His mother was waiting for him below. She grumbled at his unpunctuality, as he entered. He made no answer, but sat down to his meagre meal. The flies buzzed round the table and crawled over the stained cloth. Through the rumble of omnibuses, and the clatter of street-cabs, he could hear the droning voice devouring each minute that was left to him. After some time, he thrust away his plate and put his head in his hands. He felt that he had a right to know. It should have been told to him before, if it was as he suspected. Leaden with fear, his mother watched him. Words dropped mechanically from her lips. A tattered lace handkerchief twitched in her fingers. When the clock struck six, he got up and went to the door. Then he turned back and looked at her. Their eyes met. In hers he saw a wild appeal for mercy. It enraged him. "Mother, I have something to ask you," he said. Her eyes wandered vaguely about the room. She made no answer. "Tell me the truth. I have a right to know. Were you married to my father?" She heaved a deep sigh. It was a sigh of relief. The terrible moment, the moment that night and day, for weeks and months, she had dreaded, had come at last, and yet she felt no terror. Indeed, in some measure it was a disappointment to her. The vulgar directness of the question called for a direct answer. The situation had not been gradually led up to. It was crude. It reminded her of a bad rehearsal. "No," she answered, wondering at the harsh simplicity of life. "My father was a scoundrel then!" cried the lad, clenching his fists. She shook her head. "I knew he was not free. We loved each other very much. If he had lived, he would have made provision for us. Don't speak against him, my son. He was your father, and a gentleman. Indeed, he was highly connected." An oath broke from his lips. "I don't care for myself," he exclaimed, "but don't let Sibyl.... It is a gentleman, isn't it, who is in love with her, or says he is? Highly connected, too, I suppose." For a moment a hideous sense of humiliation came over the woman. Her head drooped. She wiped her eyes with shaking hands. "Sibyl has a mother," she murmured; "I had none." The lad was touched. He went towards her, and stooping down, he kissed her. "I am sorry if I have pained you by asking about my father," he said, "but I could not help it. I must go now. Good-bye. Don't forget that you will have only one child now to look after, and believe me that if this man wrongs my sister, I will find out who he is, track him down, and kill him like a dog. I swear it." The exaggerated folly of the threat, the passionate gesture that accompanied it, the mad melodramatic words, made life seem more vivid to her. She was familiar with the atmosphere. She breathed more freely, and for the first time for many months she really admired her son. She would have liked to have continued the scene on the same emotional scale, but he cut her short. Trunks had to be carried down and mufflers looked for. The lodging-house drudge bustled in and out. There was the bargaining with the cabman. The moment was lost in vulgar details. It was with a renewed feeling of disappointment that she waved the tattered lace handkerchief from the window, as her son drove away. She was conscious that a great opportunity had been wasted. She consoled herself by telling Sibyl how desolate she felt her life would be, now that she had only one child to look after. She remembered the phrase. It had pleased her. Of the threat she said nothing. It was vividly and dramatically expressed. She felt that they would all laugh at it some day.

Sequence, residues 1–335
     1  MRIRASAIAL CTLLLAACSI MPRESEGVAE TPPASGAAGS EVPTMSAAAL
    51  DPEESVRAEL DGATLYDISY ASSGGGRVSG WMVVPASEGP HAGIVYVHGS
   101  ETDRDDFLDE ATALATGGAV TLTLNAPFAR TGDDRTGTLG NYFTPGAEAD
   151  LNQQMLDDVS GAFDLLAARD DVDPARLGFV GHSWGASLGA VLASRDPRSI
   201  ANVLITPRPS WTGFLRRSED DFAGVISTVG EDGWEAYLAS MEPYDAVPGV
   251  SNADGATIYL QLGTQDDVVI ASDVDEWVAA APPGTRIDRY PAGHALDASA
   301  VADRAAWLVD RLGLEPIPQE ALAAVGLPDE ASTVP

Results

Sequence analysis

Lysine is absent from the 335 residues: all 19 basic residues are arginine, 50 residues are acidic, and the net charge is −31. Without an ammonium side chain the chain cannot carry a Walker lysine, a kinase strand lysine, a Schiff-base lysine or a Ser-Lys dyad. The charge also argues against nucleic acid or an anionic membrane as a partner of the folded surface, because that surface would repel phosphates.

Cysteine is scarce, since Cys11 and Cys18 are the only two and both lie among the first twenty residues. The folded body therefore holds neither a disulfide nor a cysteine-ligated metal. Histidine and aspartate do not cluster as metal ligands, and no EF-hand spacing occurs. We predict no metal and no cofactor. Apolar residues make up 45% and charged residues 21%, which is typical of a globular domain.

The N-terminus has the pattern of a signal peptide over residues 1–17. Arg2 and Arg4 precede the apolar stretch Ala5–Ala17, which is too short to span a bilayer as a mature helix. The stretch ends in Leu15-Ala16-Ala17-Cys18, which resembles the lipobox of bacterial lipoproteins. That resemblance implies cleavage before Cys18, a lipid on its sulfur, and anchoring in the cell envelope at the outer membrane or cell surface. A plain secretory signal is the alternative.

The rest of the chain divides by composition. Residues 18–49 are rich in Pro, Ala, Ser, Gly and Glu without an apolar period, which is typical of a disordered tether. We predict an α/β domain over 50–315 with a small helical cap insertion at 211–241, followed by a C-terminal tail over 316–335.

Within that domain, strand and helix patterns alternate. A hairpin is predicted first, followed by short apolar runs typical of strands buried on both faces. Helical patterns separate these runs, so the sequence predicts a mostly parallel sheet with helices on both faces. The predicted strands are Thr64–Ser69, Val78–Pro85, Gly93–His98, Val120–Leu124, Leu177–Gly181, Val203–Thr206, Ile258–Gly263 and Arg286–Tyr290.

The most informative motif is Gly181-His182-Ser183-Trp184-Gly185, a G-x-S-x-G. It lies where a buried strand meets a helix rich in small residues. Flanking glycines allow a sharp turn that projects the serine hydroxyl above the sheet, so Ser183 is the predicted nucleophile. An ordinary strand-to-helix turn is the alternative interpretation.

then. "But I didn't say he was married. Harry." "I can't believe it. and he is not often wrong about things of that kind. He is sure to do it. but I have no recollection at all of being engaged. Hallward started and then frowned. Basil." "To whom?" "To some little actress or other. I am inclined to think that I never was engaged. There is hardly a single person in the House of Commons worth painting. and wealth. tell him that." "Dorian Gray is engaged to be married." "Oh." "Dorian is far too wise not to do foolish things now and then. I have a distinct remembrance of being married. it is always from the noblest motives. It would be absurd for him to marry so much beneath him. watching him as he spoke." . Harry." "Marriage is hardly a thing that one can do now and then. We are to see her to-night. Basil." "If you want to make him marry this girl. Harry?" asked the painter. she is better than good--she is beautiful. walking up and down the room and biting his lip." said Lord Henry. "No.CHAPTER 6 45 CHAPTER 6 "I suppose you have heard the news. Whenever a man does a thoroughly stupid thing. "Impossible!" "It is perfectly true. sipping a glass of vermouth and orange-bitters. amongst others. possibly." "Are you serious?" "Quite serious. "Dorian says she is beautiful. I hope! They don't interest me. There is a great difference. It is some silly infatuation." "I hope the girl is good." murmured Lord Henry. if that boy doesn't forget his appointment. though many of them would be the better for a little whitewashing. Dorian is far too sensible. I said he was engaged to be married. and position." "But do you approve of it." rejoined Lord Henry languidly. who might degrade his nature and ruin his intellect. Basil?" said Lord Henry that evening as Hallward was shown into a little private room at the Bristol where dinner had been laid for three." "Except in America. my dear Basil. "Dorian engaged to be married!" he cried. "What is it? Nothing about politics." "But think of Dorian's birth." answered the artist. giving his hat and coat to the bowing waiter. I don't want to see Dorian tied to some vile creature. Harry. I should be miserable if I thought I should ever be more serious than I am at the present moment. Your portrait of him has quickened his appreciation of the personal appearance of other people. "You can't approve of it. It has had that excellent effect.